Castro and Cuba
The BBC’s coverage of Fidel Castro’s death was poor and predictable. It gave more coverage to his right-wing enemies in Miami wildly celebrating the news than to the 11m Cubans proudly commemorating his life. As is so often the case nowadays, it was left to Channel Four News to strike the right balance. It reminded viewers Castro was Mandela’s hero. The ANC leader was shown speaking in Revolution Square in Havana in 1990 thanking the Cuban people for the support they had given the anti-apartheid struggle. Mandela the revolutionary had made Castro’s Cuba his first port of call internationally after his release from jail.
In 1959, Castro and his small band of revolutionaries – Che Guevara and Raul Castro among them – toppled the brutal American-backed military dictator, Fulgencio Battista. US companies had owned everything, the sugar plantations and tobacco harvests, the zinc and copper mines, the banks, hotels and tourist industry. Millions of Cubans were pauperised, unemployed, living in ‘bohios’ or huts without electricity, water or sanitation. Half the children did not go to school. Racism was rife and so was the influence of the Mafia.
The revolution was popular but not with the Americans. They imposed an economic blockade, launched military attacks and plotted assassination attempts – 600 on Castro alone including exploding cigars. These have, until recently, been their hallmark response to Cuba’s existence.
But the Cuban people refused to give in and have much to show for their defiance. The average Cuban enjoys a health service as good as the average American. The same can be said about education, infant mortality and life expectancy. Crime is lower and racism rarer. Not bad for a small Caribbean nation. Remarkable for one subjected to constant threat from the world’s most powerful country for sixty years.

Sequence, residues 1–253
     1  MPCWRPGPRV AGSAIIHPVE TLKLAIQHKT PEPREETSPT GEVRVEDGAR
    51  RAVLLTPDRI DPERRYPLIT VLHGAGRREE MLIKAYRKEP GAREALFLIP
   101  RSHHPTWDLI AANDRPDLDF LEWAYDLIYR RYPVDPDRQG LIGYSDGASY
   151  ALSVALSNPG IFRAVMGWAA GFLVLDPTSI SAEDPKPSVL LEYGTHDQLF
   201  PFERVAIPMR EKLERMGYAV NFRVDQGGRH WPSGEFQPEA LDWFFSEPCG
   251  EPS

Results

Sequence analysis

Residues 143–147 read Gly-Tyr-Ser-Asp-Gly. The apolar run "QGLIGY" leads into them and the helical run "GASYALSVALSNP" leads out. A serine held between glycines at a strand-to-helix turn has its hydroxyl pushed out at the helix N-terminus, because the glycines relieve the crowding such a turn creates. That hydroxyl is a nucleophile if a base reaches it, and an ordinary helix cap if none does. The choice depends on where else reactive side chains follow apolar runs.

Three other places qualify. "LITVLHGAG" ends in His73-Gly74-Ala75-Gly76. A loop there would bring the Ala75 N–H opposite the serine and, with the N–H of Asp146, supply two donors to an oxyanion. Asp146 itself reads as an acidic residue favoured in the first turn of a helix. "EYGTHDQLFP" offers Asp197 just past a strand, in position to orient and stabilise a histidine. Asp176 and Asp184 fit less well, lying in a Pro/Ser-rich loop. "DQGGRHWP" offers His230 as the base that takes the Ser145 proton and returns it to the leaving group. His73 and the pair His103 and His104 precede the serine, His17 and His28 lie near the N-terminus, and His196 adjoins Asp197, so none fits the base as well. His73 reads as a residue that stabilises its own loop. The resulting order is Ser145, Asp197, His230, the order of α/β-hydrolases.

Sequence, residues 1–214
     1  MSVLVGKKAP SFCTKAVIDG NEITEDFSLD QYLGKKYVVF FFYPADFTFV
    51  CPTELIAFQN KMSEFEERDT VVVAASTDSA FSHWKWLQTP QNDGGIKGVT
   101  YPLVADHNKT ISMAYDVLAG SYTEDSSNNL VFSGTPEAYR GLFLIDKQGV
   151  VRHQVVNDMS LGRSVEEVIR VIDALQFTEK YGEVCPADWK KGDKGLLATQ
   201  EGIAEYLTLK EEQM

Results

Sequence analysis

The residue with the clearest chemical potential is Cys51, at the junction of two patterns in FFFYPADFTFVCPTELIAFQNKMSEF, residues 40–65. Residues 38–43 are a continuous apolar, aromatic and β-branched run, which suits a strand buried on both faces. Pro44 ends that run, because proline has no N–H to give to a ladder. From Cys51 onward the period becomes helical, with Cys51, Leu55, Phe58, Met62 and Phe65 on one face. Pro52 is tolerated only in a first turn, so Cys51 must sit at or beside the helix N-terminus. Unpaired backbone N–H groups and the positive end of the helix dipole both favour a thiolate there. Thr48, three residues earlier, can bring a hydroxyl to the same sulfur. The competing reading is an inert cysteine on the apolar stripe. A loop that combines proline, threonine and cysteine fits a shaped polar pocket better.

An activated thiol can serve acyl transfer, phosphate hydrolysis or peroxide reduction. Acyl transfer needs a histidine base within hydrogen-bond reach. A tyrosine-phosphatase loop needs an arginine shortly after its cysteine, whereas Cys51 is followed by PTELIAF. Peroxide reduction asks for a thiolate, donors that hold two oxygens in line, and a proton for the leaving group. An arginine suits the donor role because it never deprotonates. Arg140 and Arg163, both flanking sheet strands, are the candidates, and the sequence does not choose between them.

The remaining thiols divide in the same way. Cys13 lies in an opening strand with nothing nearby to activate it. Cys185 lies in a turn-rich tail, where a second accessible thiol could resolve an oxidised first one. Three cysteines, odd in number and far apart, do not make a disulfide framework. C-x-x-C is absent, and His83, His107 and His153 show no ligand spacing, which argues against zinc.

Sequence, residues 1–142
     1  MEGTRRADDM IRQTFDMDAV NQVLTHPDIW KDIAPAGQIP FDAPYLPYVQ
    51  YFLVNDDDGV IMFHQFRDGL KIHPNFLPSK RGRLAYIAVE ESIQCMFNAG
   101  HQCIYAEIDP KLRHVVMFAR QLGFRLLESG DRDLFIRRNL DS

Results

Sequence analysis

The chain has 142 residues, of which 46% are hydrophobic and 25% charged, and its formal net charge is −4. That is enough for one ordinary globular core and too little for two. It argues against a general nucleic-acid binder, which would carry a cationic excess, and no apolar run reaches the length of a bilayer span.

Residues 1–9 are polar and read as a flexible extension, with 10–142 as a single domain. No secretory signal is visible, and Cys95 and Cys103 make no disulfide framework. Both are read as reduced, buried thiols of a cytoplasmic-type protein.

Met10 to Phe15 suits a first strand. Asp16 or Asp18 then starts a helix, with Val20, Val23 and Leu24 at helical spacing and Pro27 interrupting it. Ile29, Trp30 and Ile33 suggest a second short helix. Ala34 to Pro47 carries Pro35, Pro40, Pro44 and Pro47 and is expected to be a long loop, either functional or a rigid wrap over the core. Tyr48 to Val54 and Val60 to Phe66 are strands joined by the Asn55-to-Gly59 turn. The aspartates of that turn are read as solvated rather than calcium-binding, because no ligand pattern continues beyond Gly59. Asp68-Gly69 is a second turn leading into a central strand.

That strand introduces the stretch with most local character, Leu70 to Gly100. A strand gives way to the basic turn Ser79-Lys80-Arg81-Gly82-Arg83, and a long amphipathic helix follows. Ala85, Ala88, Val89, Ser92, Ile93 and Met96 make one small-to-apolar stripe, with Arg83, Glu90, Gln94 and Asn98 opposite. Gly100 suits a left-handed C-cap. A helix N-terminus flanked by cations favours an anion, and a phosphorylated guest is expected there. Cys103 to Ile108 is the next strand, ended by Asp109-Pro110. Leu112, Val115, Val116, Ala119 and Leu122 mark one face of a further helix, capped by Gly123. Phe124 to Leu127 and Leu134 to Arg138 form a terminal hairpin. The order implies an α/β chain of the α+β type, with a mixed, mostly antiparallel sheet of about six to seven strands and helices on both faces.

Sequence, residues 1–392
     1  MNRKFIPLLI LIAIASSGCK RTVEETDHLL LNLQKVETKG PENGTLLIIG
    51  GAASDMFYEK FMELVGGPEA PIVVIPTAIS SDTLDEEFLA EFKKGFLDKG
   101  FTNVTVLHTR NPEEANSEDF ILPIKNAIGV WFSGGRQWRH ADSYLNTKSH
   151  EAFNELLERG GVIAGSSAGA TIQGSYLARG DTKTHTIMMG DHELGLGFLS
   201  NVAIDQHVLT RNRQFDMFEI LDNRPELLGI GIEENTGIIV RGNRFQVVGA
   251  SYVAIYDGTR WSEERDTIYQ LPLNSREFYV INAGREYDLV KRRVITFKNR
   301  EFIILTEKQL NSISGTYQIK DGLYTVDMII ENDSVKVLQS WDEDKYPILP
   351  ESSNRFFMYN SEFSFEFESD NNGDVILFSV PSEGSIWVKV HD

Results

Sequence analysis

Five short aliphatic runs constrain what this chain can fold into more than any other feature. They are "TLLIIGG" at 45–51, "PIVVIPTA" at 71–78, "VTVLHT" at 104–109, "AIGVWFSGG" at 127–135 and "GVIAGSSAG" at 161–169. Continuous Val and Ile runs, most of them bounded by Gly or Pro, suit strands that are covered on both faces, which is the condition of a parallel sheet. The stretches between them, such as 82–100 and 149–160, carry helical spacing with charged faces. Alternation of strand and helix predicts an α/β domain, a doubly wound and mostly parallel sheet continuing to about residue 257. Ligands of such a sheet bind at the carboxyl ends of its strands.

For Cuba to have survived is a miracle. Salvador Allende’s socialist regime in Chile did not survive US aggression. Neither did the socialist government in Grenada. Or Patrice Lumumba in the Congo or Mohamed Mossadeq in Iran. All were ousted by American imperialism. ‘Viva Fidel’ and ‘Cuba libre’ were chanted defiantly throughout the world upon news of Castro’s passing. Those simple slogans signify so much including that socialist revolutions are not simple; that Cuba’s has endured in the face of astonishing odds; and that liberating the oppressed was Castro’s legacy in Cuba, Angola, Namibia, Mozambique, South Africa, Latin America and elsewhere. His enemies suggest his legacy was oppression and tyranny. Well they would, wouldn’t they?
Cuba’s existence taunts Washington still. This tiny island on America’s is literally on its doorstep, with Key West being just 90 miles from Havana (and Miami being less than an hour by plane from Revolution Square). George Bush’s infamous ‘Axis of evil’ speech in 2003 identified Cuba alongside Iran, Iraq and North Korea as America’s greatest enemies. It was designed to terrify the Cuban people but they were used to such threats. They had after all survived the Bay of Pigs invasion, they had survived the economic blockade, they had survived the assassination attempts and they would survive the military threats of George Bush in the way Iraq did not.
Supporting the Cuban revolution and defending its many achievements earns socialists the right to criticise. Cuba did not get everything right. The country’s political ‘succession’ for example has not been successful. The fact Raul Castro at 85 is President testifies to that. But those in the ‘post -1959’ generation identified as future leaders repeatedly fell short in displaying what was demanded of them. I recall Roberto Robaina, the Foreign Minister, being talked of as Castro’s putative successor in ‘Granma’, the state newspaper, when I was in Havana in the 1990s. But he fell from favour after accusations of inappropriate foreign business relationships were levelled against him. The same fate befell Vice President, Carlos Lage Davilla, in 2009 after he argued for capitalist economic measures and Miguel Diaz-Canel in 2013. All were seen as potential successors to Fidel Castro.
The Cuban revolution is not alone in facing such challenges. Chris Hani was seen as Mandela’s successor from the next generation of ANC leaders. But he was assassinated by an ultra-right-wing white supremacist before stepping up to that role.
Many questions face the Cuban revolution in this ‘post-Fidel’ era. Uppermost among them perhaps is what difference will Donald Trump’s election make to US/Cuba relations. It probably won’t be good.
Colin Fox is the Scottish Socialist Party (SSP) national spokesperson